Moore v. Arkansas, State of

Filing 20

PROPOSED FINDINGS AND RECOMMENDED DISPOSITION recommending that 19 Petitioner's Motion to Dismiss be granted; recommending that 2 the Petition for a Writ of Habeas Corpus be denied; and recommending that Petitioner's first two habeas claims be dismissed, without prejudice, and his third habeas claim be dismissed, with prejudice. Objections to R&R due by 6/3/2009. Signed by Magistrate Judge J. Thomas Ray on 5/20/09. (hph)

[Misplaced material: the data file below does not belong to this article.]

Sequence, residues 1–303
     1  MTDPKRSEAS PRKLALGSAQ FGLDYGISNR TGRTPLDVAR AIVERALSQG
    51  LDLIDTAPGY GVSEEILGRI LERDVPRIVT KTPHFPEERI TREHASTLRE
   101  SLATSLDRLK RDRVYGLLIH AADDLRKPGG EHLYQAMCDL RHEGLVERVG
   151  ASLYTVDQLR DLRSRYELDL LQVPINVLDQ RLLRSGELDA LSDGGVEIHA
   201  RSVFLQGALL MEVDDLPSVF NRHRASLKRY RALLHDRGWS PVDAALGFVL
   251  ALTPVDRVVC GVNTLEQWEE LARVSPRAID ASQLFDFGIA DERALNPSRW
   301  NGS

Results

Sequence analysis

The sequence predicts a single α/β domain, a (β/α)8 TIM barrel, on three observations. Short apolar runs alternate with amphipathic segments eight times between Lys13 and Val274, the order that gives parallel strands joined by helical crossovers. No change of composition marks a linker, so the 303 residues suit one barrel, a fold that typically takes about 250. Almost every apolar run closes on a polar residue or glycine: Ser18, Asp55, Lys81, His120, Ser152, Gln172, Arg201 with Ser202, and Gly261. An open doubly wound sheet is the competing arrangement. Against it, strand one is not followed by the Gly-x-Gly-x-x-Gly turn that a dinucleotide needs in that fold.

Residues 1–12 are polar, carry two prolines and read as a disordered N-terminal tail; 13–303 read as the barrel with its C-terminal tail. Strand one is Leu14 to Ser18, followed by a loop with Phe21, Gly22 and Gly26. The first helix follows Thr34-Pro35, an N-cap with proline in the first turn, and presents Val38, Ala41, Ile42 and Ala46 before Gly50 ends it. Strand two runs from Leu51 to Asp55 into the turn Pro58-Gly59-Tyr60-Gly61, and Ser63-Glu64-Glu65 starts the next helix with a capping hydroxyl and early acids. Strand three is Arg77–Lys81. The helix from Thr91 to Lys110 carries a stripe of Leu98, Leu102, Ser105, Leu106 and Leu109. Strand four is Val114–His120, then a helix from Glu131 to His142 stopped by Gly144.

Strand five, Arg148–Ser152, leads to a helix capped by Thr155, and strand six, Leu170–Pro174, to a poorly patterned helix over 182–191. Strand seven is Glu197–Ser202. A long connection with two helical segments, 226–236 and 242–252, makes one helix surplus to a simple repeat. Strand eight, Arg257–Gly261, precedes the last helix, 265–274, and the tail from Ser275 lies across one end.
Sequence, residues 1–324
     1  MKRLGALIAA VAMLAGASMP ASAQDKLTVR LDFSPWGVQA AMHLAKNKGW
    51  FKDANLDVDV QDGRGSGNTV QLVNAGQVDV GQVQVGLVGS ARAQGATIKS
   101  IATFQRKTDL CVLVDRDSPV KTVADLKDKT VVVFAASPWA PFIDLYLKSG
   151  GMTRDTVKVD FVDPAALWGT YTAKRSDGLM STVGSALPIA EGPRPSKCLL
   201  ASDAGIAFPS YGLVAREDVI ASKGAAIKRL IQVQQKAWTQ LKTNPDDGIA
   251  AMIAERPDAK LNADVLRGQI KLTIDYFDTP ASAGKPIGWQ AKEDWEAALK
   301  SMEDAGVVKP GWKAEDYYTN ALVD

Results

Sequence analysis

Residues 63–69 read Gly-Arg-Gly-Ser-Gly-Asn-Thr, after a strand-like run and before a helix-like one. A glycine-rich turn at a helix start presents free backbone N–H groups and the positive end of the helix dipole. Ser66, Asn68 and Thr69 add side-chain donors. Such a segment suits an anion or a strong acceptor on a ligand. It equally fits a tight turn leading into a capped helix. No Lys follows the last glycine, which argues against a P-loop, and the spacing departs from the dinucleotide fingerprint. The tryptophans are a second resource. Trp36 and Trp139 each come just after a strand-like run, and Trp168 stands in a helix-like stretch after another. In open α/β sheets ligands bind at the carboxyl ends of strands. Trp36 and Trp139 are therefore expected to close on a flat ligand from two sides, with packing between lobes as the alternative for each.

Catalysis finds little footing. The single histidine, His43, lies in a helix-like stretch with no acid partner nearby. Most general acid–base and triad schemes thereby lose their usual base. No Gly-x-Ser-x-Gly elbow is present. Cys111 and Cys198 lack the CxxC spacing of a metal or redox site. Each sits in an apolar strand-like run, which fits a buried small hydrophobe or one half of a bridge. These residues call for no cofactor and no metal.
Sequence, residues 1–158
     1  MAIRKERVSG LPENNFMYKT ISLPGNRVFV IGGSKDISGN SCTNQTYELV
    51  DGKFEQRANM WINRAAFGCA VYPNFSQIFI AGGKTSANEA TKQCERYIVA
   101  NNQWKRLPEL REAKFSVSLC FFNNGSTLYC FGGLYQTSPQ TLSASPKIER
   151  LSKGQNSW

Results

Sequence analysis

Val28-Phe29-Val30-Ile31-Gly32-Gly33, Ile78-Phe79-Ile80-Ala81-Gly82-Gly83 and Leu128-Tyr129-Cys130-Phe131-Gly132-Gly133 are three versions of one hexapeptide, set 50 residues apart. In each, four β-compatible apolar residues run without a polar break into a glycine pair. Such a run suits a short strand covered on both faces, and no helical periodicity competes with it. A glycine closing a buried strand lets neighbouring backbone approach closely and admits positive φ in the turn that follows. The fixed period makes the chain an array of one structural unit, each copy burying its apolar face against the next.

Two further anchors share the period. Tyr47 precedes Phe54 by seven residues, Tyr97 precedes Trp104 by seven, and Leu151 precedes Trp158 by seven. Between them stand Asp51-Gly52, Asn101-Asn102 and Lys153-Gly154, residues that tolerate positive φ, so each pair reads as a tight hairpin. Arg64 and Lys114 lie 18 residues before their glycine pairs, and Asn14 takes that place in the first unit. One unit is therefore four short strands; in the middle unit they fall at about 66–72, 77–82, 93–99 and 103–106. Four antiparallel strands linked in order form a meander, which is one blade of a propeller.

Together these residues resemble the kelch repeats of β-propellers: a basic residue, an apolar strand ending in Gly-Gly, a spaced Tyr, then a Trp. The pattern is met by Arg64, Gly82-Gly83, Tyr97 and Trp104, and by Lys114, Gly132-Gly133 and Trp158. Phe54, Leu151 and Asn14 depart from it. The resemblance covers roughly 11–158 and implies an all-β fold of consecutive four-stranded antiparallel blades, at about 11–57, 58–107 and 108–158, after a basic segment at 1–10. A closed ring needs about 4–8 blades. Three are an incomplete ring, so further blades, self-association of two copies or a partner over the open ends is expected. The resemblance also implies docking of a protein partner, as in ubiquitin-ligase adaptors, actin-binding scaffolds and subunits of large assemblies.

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IN THE UNITED STATES DISTRICT COURT FOR THE EASTERN DISTRICT OF ARKANSAS PINE BLUFF DIVISION WILLIAM CHRISTOPHER MOORE ADC #127360 VS. LARRY NORRIS, Director, Arkansas Department of Correction 5:07CV00147 BSM/JTR PETITIONER RESPONDENT PROPOSED FINDINGS AND RECOMMENDED DISPOSITION INS T RUCT IONS The following recommended disposition has been sent to United States District Judge Brian S. Miller. Any party may serve and file written objections to this recommendation. Objections should be specific and should include the factual or legal basis for the objection. If the objection is to a factual finding, specifically identify that finding and the evidence that supports your objection. An original and one copy of your objections must be received in the office of the United States District Clerk no later than eleven (11) days from the date of the findings and recommendations. The copy will be furnished to the opposing party. Failure to file timely objections may result in waiver of the right to appeal questions of fact. If you are objecting to the recommendation and also desire to submit new, different, or additional evidence, and to have a hearing for this purpose before the United States District Judge, you must, at the same time that you file your written objections, include a "Statement of Necessity" that sets forth the following: 1 1. 2. Why the record made before the Magistrate Judge is inadequate. Why the evidence to be proffered at the requested hearing before the United States District Judge was not offered at the hearing before the Magistrate Judge. An offer of proof setting forth the details of any testimony or other evidence (including copies of any documents) desired to be introduced at the requested hearing before the United States District Judge. 3. From this submission, the United States District Judge will determine the necessity for an additional evidentiary hearing, either before the Magistrate Judge or before the District Judge. Mail your objections and "Statement of Necessity" to: Clerk, United States District Court Eastern District of Arkansas 600 West Capitol Avenue, Suite 402 Little Rock, AR 72201-3325 I. Background On June 18, 2007, Petitioner, William Christopher Moore, filed a 2254 Petition for a Writ of Habeas Corpus. (Docket entry #2.) Respondent has now filed a Response (docket entry #7), to which Petitioner has filed a Reply. (Docket entry #8.) Thus, the issues are joined and ready for disposition. Before addressing the merits of Petitioner's habeas claims, the Court will review the relevant procedural history of the case. On September 8, 2004, a Sebastian County jury convicted Petitioner of aggravated robbery. (Docket entry #7, Ex. A.) He was sentenced as a habitual offender to 240 months of incarceration in the Arkansas Department of Correction, with 60 months of that sentence suspended. Id. Petitioner appealed his conviction to the Arkansas Court of Appeals, where he argued that 2 the trial court erred in denying his Batson challenge to the State's peremptory strike of an AfricanAmerican juror. On October 12, 2005, the Arkansas Court of Appeals affirmed his conviction. Moore v. State, 92 Ark. App. 453, 215 S.W.3d 688 (2005). Petitioner then filed a Petition for Review with the Arkansas Supreme Court. On December 8, 2005, it denied Petitioner's request for review. (Docket entry #7, Ex. C.) On April 9, 2007, Petitioner filed a Petition for Reduction of Sentence in Sebastian County Circuit Court, pursuant to Ark. Code Ann. 16-90-111,1 on the ground that his sentence was improperly enhanced.2 (Docket entry #7, Ex. D.) On April 11, 2007, the Sebastian County Circuit Court entered an Order denying the Petition as untimely. (Docket entry #7, Ex. E.) Petitioner did not appeal the denial of postconviction relief. In this federal habeas action, Petitioner argues that: (1) the trial court erred in denying his Batson challenge; (2) his trial counsel was ineffective for failing to adequately litigate his Batson challenge; and (3) the trial court improperly enhanced his sentence under the "70% rule." (Docket This statute provides for the correction or reduction of an illegal sentence. A petition for relief under 16-90-111 is governed by the time limitations for postconviction relief under Rule 37. See Womack v. State, 368 Ark. 341, 343, 245 S.W.3d 154, 155 (2006) ("as this court has previously held, section 16-90-111 has been superseded to the extent that it conflicts with the time limitations for postconviction relief under Ark. R.Crim. P. 37.2(c)"). Based on the docket sheet in Petitioner's criminal case, it appears that the jury imposed a 240-month sentence and recommended that 120 months of that sentence be suspended. (Docket entry #2 at 18.) Petitioner claims that the trial court reduced the suspended portion of his sentence from 120 to 60 months based on an improper application of the "70% rule," which requires that prisoners convicted of certain felonies serve at least 70% of the sentenced term of imprisonment before they are eligible for parole or transfer to community punishment. See Ark. Code Ann. 1693-611(a)(1). Importantly, under Arkansas law, a jury's recommendation as to a suspended term of imprisonment is not binding on the trial court. See Ark. Code Ann. 16-97-101(4); Sullivan v. State, 366 Ark. 183, 234 S.W.3d 285 (2006). 3 2 1 entry #2.) Respondent argues that all of Petitioner's claims are barred by the statute of limitations. (Docket entry #7.) On December 3, 2008, Petitioner filed a Motion to Dismiss his first two habeas claims, without prejudice. (Docket entry #19.) For the reasons discussed below, the Court recommends that Petitioner's Motion to Dismiss be granted, as to his first two claims. With regard to Petitioner's third claim, the Court recommends that it be denied, on the grounds that it is untimely. II. Discussion A. Petitioner's Motion to Dismiss In Petitioner's Motion to Dismiss, he concedes that he committed the robbery and asserts that he does not want a retrial. (Docket entry #19.) However, Petitioner believes that his "sentence is a little harsh." Id. Petitioner further states that, to the extent that his habeas relief would be limited to a retrial, as opposed to the reinstatement of the jury's recommended sentence, he wishes to voluntarily dismiss his Petition, without prejudice. Id. The Court construes Petitioner's Motion as a request to voluntarily dismiss his first two habeas claims (a Batson challenge and a claim that counsel was ineffective in litigating his Batson challenge) which attack his underlying conviction. As to these claims, Petitioner's remedy would be a conditional release order allowing the State to retry Petitioner. See generally Herrera v. Collins, 506 U.S. 390, 403 (1993) ("The typical relief granted in federal habeas corpus is a conditional order of release unless the State elects to retry the successful habeas petitioner[.]"); see also Haynes v. Quarterman, 561 F.3d 535 (5th Cir. 2009) (granting habeas relief based on a Batson violation and ordering the state to release or retry the petitioner). Respondent has not filed a Response opposing Petitioner's Motion to Dismiss his first two habeas claims, without prejudice. 4 Thus, the Court recommends that Petitioner's Motion to Dismiss be granted, and that his first two habeas claims be dismissed, without prejudice. B. Respondent's Statute of Limitations Defense to Petitioner's Third Claim In his third habeas claim, Petitioner attacks the validity of his sentence. The Antiterrorism and Effective Death Penalty Act ("AEDPA") provides that a habeas petition must be filed within one year of the date on which the state "judgment became final by the conclusion of direct review or the expiration of the time for seeking such review." 28 U.S.C. 2244(d)(1)(A). Where certiorari from the United States Supreme Court is not sought, the running of the statute of limitations for purposes of 2244(d)(1)(A) "is triggered . . . by the conclusion of all direct criminal appeals in the state system followed by the expiration of the time allotted for filing a petition for the writ [of certiorari]." Smith v. Bowersox, 159 F.3d 345, 348 (8th Cir.1998), cert. denied, 525 U.S. 1187 (1999). On October 12, 2005, the Arkansas Court of Appeals affirmed Petitioner's conviction, on direct appeal. Moore v. State, 92 Ark. App. 453, 215 S.W.3d 688 (2005). Petitioner requested review of the decision from the Arkansas Supreme Court, and, on December 8, 2005, it denied review. Petitioner elected not to petition the United States Supreme Court for certiorari review. Thus, AEDPA's one-year statute of limitations began to run ninety days later, on March 8, 2006, and expired on March 8, 2007, over ninety (90) days before Petitioner initiated this action.3 Petitioner signed his federal habeas Petition on June 11, 2007, and filed it on June 18, 2007. (Docket entry #2.) Even if Petitioner placed the Petition in the prison mail system on June 11, 2007, Even if Petitioner had not moved to voluntarily dismiss his first two habeas claims, the Court's statute of limitations analysis would apply equally to bar those claims. 5 3 it still was untimely by 95 days.4 Importantly, AEDPA goes on to provide that the one-year limitations period is tolled while a "properly filed"application for post-conviction relief is pending in state court. 28 U.S.C. 2244(d)(2). The statutory tolling period begins when a petition for post-conviction relief is filed in the trial court and runs, in one continuous block of time, until the highest state appellate court enters a decision on appeal. Carey v. Saffold, 536 U.S. 214, 219-221 (2002). While Petitioner filed a post-conviction motion in state court on April 9, 2007, it was filed after the expiration of the AEDPA limitations period on March 8, 2007. Therefore, it had no tolling effect . See Jackson v. Dormire , 180 F.3d 919, 920 (8th Cir. 1999) (pendency of state post-conviction proceeding cannot have a tolling effect if it was filed after the expiration of the limitations period). Thus, Petitioner cannot avail himself of statutory tolling in this case. Finally, because 28 U.S.C. 2244(d) is a statute of limitation, rather than a jurisdictional bar, equitable tolling may be applicable. Moore v. United States, 173 F.3d 1131, 1134 (8th Cir. 1999). Equitable tolling is proper "only when extraordinary circumstances beyond a prisoner's control make it impossible to file a petition on time," or when "conduct of the defendant has lulled the plaintiff into inaction." Kreutzer v. Bowersox, 231 F.3d 460, 462 (8th Cir. 2000). In his Reply, Petitioner acknowledges that he "might have overstepped the statute of The Eighth Circuit has held that, in analyzing whether a federal habeas petition is timely filed by a state prisoner, within AEDPA's limitations period, the "prison mailbox rule" applies. See Nichols v. Bowersox, 172 F.3d 1068, 1077 (8th Cir. 1999), abrogated on other grounds, 523 F.3d 850 (8th Cir. 2008) ("we hold that, for purposes of applying 28 U.S.C. 2244(d), a pro se prisoner's petition for a writ of habeas corpus is filed on the date it is delivered to prison authorities for mailing to the clerk of the court"). Under this rule, "a pro se inmate's 2254 petition is timely filed if it is deposited in the institution's internal mail system on or before the last day for filing[.]" Nichols, 172 F.3d at 1077 n.5. 6 4 limitations boundaries by a couple months." However, Petitioner has not come forward with any explanation as to how equitable tolling is warranted. After carefully reviewing the circumstances of Petitioner's case, the Court concludes that Petitioner has not met his burden to establish equitable tolling. III. Conclusion IT IS THEREFORE RECOMMENDED THAT: 1. 2. Petitioner's Motion to Dismiss (docket entry #19) be GRANTED. The Petition for a Writ of Habeas Corpus pursuant to 28 U.S.C. 2254 (docket entry #2) be DENIED. 3. Petitioner's first two habeas claims be DISMISSED, WITHOUT PREJUDICE, and his third habeas claim be DISMISSED, WITH PREJUDICE. Dated this 20th day of May, 2009. ___________________________________ UNITED STATES MAGISTRATE JUDGE 7